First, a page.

December 6, 2004 Print Issue
Optinuity, based in
Optinuity makes software that CEO Scott Stouffer claims will automatically do the work of IT experts. If he’s right, then companies with Optinuity software will no longer have to page their IT staff when something goes wrong with computers. Instead, Optinuity will bring the systems back up and running and run the necessary maintenance procedures without the need for human intervention.
Why it matters
IT staff members spend between 50 and 80 percent of their time “performing maintenance and repetitive, predictable tasks,” according to Richard Ptak of analyst firm Ptak, Noel & Associates in Amherst, New Hampshire. Automating what would otherwise require human interaction with a faulty system could result in fewer human errors and machine-speed execution – this is an attractive proposition for companies such as banks that lose millions of dollars per minute of computer downtime.
Just as the assembly line reduced the demand for manufacturing jobs, Optinuity’s software, if it works, promises to reduce the enterprise need for IT staff. When a network goes down, one staff member can press a button and an automated series of protocols will execute to bring the system back online. Enterprises will no longer have to rely on experts to cobble together specialized mini-programs to help them retrieve functionality quickly or pay them above-market prices for their proprietary, onsite training. Perhaps most importantly, “This will make enterprises less dependant on waking up that guy with the pager,” says New Enterprise Associates venture partner Rob McGovern, an Optinuity investor.
Before he was Optinuity CEO, Mr. Stouffer founded Visual Networks, which he grew to a $100-million IT-management software vendor. The technology founders are Rachid Sijelmassi and Anil Parthasarathy, both computer scientists. The company employees five, but Mr. Stouffer says he hopes to hire 15 new employees by year’s end.
This nascent market may quickly attract the attention of the large systems integrators who have an easy entrée into the system through their event alarm products. “Right now, there are lots of companies that make the fire alarms,” says Mr. McGovern. “We believe Optinuity is the first to make the sprinklers.” Software vendor BMC in
Optinuity’s greatest asset may prove to be its management. Mr. Stouffer has a track record of selling network tools that help IT experts make decisions about rerouting congestion and solving information traffic problems. “It’s an interesting challenge to get people to understand what this thing does,” says Mr. Stouffer.
In a room full of 3Com switches, Cisco servers, IBM databases, and Dell terminals, it’s easy to overlook a software startup. “They’ll have to be very clear with how they can help,” says analyst Richard Ptak.
VC Action: LinkedIn connects with $10-million Series B for social networking
It’s all about who you know.
October 13, 2004
LinkedIn, an online social networking company, announced today that it received $10 million in Series B funding. Venture Capitalist firm Greylock led the round, raising LinkedIn’s total funding to $14.7 million. LinkedIn co-founder and vice president of marketing Konstantin Guericke said his company would use the money to expand internationally, improve customer service, and invent new features to add revenue.
LinkedIn, based in Mountain View, California, now boasts 1.2 million registered users, up from 40,000 less than a year ago. The LinkedIn network expands by invitation only, and has been marketed to business people since its inception in May 2003.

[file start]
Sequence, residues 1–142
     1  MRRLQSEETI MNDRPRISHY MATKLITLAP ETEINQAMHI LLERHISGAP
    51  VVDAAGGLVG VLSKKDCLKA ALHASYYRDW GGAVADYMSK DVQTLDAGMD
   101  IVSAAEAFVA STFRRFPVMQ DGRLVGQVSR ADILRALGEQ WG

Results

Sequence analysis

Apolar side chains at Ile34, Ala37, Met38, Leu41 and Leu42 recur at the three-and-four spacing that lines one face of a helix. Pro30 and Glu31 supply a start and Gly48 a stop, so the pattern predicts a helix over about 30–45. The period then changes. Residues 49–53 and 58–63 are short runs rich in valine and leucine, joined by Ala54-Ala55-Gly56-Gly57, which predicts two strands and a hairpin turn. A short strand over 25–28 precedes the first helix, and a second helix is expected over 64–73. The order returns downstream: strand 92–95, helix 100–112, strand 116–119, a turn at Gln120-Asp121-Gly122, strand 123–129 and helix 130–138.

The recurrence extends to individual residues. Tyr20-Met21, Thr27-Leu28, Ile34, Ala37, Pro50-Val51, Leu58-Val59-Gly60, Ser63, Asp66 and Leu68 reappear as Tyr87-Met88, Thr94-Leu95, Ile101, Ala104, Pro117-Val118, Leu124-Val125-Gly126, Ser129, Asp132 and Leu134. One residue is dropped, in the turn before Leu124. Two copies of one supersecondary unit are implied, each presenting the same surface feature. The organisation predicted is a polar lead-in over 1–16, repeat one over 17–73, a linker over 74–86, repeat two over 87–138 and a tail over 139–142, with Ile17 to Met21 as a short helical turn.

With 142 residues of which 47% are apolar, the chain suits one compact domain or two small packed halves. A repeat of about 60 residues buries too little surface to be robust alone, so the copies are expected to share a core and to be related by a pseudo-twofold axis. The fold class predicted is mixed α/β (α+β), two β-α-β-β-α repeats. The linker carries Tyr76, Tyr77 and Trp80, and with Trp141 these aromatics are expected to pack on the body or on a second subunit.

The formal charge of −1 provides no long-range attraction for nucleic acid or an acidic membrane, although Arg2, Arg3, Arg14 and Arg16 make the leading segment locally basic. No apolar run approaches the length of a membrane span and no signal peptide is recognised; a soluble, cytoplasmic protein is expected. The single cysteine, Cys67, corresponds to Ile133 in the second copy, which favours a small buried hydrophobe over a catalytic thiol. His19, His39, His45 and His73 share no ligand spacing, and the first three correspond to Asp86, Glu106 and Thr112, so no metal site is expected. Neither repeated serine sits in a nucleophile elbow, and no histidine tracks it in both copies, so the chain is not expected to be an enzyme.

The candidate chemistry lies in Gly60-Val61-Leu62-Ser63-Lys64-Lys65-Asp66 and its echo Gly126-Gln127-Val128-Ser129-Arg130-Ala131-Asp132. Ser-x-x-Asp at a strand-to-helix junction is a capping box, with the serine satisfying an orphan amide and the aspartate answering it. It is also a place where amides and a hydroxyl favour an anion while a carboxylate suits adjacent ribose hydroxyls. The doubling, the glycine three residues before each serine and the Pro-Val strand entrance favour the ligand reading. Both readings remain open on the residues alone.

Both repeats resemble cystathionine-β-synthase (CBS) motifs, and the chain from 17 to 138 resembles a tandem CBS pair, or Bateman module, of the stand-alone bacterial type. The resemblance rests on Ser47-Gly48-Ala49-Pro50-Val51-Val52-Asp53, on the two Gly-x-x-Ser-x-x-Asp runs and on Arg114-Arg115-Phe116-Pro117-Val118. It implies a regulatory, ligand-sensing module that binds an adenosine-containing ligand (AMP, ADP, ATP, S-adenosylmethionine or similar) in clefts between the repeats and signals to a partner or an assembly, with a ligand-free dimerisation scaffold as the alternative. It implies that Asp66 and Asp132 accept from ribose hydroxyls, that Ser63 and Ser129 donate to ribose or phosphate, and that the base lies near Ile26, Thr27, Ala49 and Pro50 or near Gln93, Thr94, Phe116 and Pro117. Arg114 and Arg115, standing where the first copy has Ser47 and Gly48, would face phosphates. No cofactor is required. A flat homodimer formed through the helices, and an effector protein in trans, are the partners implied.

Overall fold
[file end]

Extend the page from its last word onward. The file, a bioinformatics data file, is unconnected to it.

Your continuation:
Why it matters
Venture capitalists have been throwing money at social networking services for slightly more than a year now. Tribe.net got $6.4 million last November, led by Mayfield. Friendster pulled in $13 million from its Series A last October, led by Kleiner Perkins and Benchmark. US Venture Partners put its weight behind Spoke Software, for a $4.2-million Series A, and the Partech’s $5-million series B. Most recently, Spoke also closed an $11.7-million Series C led by Doll Capital Management.
Each of these services operates on the same basic principle and design. One person signs onto the network, and invites three friends to follow. Each of the friends invites three friends, and so on, until seemingly the whole world is using the service. Each person in the network is linked to others in the network. Alice might not know Catherine, but she is good friends with Bob, who went to high school with Catherine. So Alice can contact Catherine through Bob.
Where Friendster attracts people looking for friends, LinkedIn’s management has targeted its service at business people looking to pump up their Rolodexes. You may not know a Java programmer, but your system administrator might, and if both are signed up for LinkedIn, you may be able to make that connection.
LinkedIn’s CEO Reid Hoffman, who came from an executive vice president position at PayPal, sits on several high-tech boards and has been an angel investor in at least three recent startups, including Ironport and Nanosolar. CTO Eric Ly co-founded two other companies before founding LinkedIn. Jean-Luc Vaillant, LinkedIn’s vice president of engineering, has over 15 years of software design under his belt.
LinkedIn and Friendster serve different markets. Mr. Hoffman lists himself as one of Friendster’s angel investors as if to draw a clear line between networking for work and networking for fun. The closest competitor to LinkedIn in the business space is Spoke, which sells enterprise software designed to help salespersons find the right contacts to call within a company. Instead of adding names through invitations, Spoke connections are added through a company database. Company Vice President Mike Trigg said its product was a “sales prospecting tool” rather than a social networking service. He also said that some Spoke users also used LinkedIn to mine sales opportunities.